Afformations: Asking the Right Questions
As a rule, I do not review books that I haven’t completed, but this post just goes to show you that rules are meant to be broken. This week Noah St. John answered a lifelong question for me. Why don’t affirmations work all the time?
If you live a life of spiritual practice, you’ll be familiar with affirmations. My definition is: a positive statement that produces a desired result. Affirmations are present-tense statements. I am wise. I am rich. I am married to my right and perfect partner. I am losing weight.
The classic one is Emile Coue’s Every day, in every way, I am getting better and better. I’ve used affirmations for years and they don’t always work.
Affirmations don’t always work because the mind is ninety percent unconscious. The conscious mind decides which statements we want to be true of ourselves, and in repeating those statements, the subconscious calls us a liar. Simply put, we don’t believe the statements, ergo, they aren’t true. Further, because we don’t believe, they can’t manifest.
The age-old response by spiritual practitioners has been to encourage the affirmer to believe more. Easy to say; not always so easy to do. Truth is, not one of us has any real idea of what lurks in our subconscious minds!
Noah St. John, however, has discovered a method that flushes out the subconscious mind. It’s plain. It’s simple. It’s elegant. Don’t do statements, he says.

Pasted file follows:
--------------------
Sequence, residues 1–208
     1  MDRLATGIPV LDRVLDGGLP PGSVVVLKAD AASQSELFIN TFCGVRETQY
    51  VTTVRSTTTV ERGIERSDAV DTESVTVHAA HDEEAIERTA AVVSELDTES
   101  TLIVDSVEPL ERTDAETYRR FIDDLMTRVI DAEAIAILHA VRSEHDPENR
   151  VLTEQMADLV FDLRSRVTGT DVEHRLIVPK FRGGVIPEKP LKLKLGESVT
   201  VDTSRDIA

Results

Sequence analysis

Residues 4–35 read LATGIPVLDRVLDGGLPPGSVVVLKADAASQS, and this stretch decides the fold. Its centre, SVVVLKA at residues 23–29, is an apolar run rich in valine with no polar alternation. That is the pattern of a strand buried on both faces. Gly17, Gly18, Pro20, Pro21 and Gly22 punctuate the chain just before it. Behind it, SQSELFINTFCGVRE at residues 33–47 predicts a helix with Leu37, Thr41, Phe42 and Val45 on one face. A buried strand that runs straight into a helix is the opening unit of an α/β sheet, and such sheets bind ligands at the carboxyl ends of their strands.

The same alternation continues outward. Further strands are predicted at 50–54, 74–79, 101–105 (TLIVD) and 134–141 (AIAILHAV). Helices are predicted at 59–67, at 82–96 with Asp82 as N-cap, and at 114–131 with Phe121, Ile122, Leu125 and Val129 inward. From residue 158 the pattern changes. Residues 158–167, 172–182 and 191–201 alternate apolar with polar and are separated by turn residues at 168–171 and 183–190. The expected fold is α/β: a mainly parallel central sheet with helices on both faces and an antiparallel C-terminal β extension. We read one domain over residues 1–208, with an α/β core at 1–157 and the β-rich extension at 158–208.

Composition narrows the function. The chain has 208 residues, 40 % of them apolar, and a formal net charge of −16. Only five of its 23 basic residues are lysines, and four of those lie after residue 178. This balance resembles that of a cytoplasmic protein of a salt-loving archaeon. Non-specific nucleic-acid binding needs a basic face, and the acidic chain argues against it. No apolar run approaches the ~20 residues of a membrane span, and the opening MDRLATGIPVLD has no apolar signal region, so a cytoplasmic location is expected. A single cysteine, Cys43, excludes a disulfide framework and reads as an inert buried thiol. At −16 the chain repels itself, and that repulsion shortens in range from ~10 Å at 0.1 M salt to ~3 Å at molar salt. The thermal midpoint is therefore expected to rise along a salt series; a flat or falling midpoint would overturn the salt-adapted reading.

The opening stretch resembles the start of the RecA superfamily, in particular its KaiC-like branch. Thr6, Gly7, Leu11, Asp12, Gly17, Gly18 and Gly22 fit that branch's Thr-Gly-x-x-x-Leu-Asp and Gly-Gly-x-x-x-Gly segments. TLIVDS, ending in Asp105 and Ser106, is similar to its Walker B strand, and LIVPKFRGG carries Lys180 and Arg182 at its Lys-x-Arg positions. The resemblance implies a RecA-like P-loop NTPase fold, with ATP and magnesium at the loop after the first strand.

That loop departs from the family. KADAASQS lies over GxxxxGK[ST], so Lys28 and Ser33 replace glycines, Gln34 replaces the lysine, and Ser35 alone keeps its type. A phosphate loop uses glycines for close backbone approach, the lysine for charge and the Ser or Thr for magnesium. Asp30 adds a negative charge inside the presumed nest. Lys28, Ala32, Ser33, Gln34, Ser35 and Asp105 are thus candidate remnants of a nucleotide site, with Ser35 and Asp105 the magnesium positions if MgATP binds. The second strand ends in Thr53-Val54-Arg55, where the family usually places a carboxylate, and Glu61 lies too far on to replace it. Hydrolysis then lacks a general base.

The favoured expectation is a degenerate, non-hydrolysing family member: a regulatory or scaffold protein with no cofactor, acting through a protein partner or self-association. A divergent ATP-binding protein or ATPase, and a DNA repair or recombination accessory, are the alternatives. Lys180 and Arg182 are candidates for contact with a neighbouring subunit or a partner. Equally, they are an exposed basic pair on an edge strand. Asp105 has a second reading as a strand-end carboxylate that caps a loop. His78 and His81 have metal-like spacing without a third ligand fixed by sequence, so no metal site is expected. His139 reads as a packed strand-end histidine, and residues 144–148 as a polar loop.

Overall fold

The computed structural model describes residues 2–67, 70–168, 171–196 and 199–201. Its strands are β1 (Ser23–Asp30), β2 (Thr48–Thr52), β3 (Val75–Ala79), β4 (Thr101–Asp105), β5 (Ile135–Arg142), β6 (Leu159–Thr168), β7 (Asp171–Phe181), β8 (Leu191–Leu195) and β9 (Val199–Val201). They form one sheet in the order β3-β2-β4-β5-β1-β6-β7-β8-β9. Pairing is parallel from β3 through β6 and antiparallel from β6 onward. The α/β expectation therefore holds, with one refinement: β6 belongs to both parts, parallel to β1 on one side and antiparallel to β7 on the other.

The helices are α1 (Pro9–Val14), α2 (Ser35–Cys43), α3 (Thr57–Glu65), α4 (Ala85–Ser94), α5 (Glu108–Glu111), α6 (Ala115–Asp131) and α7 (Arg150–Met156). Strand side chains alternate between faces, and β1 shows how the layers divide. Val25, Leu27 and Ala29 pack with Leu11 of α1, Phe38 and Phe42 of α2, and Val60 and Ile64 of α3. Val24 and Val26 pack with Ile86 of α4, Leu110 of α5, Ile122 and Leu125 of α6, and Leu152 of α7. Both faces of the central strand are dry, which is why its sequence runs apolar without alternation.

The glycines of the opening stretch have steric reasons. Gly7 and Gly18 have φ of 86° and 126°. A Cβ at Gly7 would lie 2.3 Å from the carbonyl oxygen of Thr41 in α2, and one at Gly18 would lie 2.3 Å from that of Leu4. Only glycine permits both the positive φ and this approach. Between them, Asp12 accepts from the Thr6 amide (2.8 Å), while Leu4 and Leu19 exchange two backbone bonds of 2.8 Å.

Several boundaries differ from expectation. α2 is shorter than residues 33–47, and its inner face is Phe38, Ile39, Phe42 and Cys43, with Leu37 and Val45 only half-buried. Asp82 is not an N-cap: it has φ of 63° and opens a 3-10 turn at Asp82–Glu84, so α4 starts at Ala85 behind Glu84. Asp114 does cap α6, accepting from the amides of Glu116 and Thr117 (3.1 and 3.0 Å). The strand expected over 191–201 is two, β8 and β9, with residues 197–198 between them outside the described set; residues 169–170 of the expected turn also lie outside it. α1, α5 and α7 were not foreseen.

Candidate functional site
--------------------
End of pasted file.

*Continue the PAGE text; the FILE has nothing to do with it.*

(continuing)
Take what you want, say, I want to lose weight.
Afform: Why is it so easy for me to lose weight?
Another: I am rich.
Afform: Why do I always live in financial surplus?
Another: I am married to my right and perfect partner.
Afform: Why is my marriage to my right and perfect partner so joyous?
The idea behind affirmations is to make firm what we want in our lives.
The brilliant idea behind St. John’s afformations is to make form what we want in our lives.
His premise is delightful. The human mind is like Google. It is designed to answer questions. In fact, lots of us have had the experience of trying to find or remember something before bed, and awakening in the morning with the answer. That’s the googleness of the human brain. It’s made for questions!
Better still, St. John says we don’t even have to answer our Afformation questions. What we get to do instead is, like Rainer Maria Rilke, live the questions, or, as he says, give ourselves to the questions, and let our brains do the work.
The effect of his remarkable tool is that we end up focusing on what we want rather than what we don’t want. And that’s the most powerful tool in creation!
I’ve thought for a long time that asking the right questions is the key to a life of fulfillment. The work of Noah St. John is a quantum leap toward the art of spiritual living.